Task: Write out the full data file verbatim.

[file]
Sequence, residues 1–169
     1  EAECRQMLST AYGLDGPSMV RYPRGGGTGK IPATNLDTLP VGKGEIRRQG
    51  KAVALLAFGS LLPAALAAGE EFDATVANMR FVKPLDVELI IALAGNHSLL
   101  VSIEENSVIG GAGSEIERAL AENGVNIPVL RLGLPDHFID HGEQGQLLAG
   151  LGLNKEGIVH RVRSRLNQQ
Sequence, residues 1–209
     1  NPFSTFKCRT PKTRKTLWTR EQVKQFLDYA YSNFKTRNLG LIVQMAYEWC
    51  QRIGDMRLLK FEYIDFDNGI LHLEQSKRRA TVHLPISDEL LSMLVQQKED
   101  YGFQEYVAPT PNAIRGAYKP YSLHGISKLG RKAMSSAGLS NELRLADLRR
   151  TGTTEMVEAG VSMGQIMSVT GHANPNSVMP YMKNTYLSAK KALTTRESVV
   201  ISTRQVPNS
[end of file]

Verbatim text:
Sequence, residues 1–169
     1  EAECRQMLST AYGLDGPSMV RYPRGGGTGK IPATNLDTLP VGKGEIRRQG
    51  KAVALLAFGS LLPAALAAGE EFDATVANMR FVKPLDVELI IALAGNHSLL
   101  VSIEENSVIG GAGSEIERAL AENGVNIPVL RLGLPDHFID HGEQGQLLAG
   151  LGLNKEGIVH RVRSRLNQQ
Sequence, residues 1–209
     1  NPFSTFKCRT PKTRKTLWTR EQVKQFLDYA YSNFKTRNLG LIVQMAYEWC
    51  QRIGDMRLLK FEYIDFDNGI LHLEQSKRRA TVHLPISDEL LSMLVQQKED
   101  YGFQEYVAPT PNAIRGAYKP YSLHGISKLG RKAMSSAGLS NELRLADLRR
   151  TGTTEMVEAG VSMGQIMSVT GHANPNSVMP YMKNTYLSAK KALTTRESVV
   201  ISTRQVPNS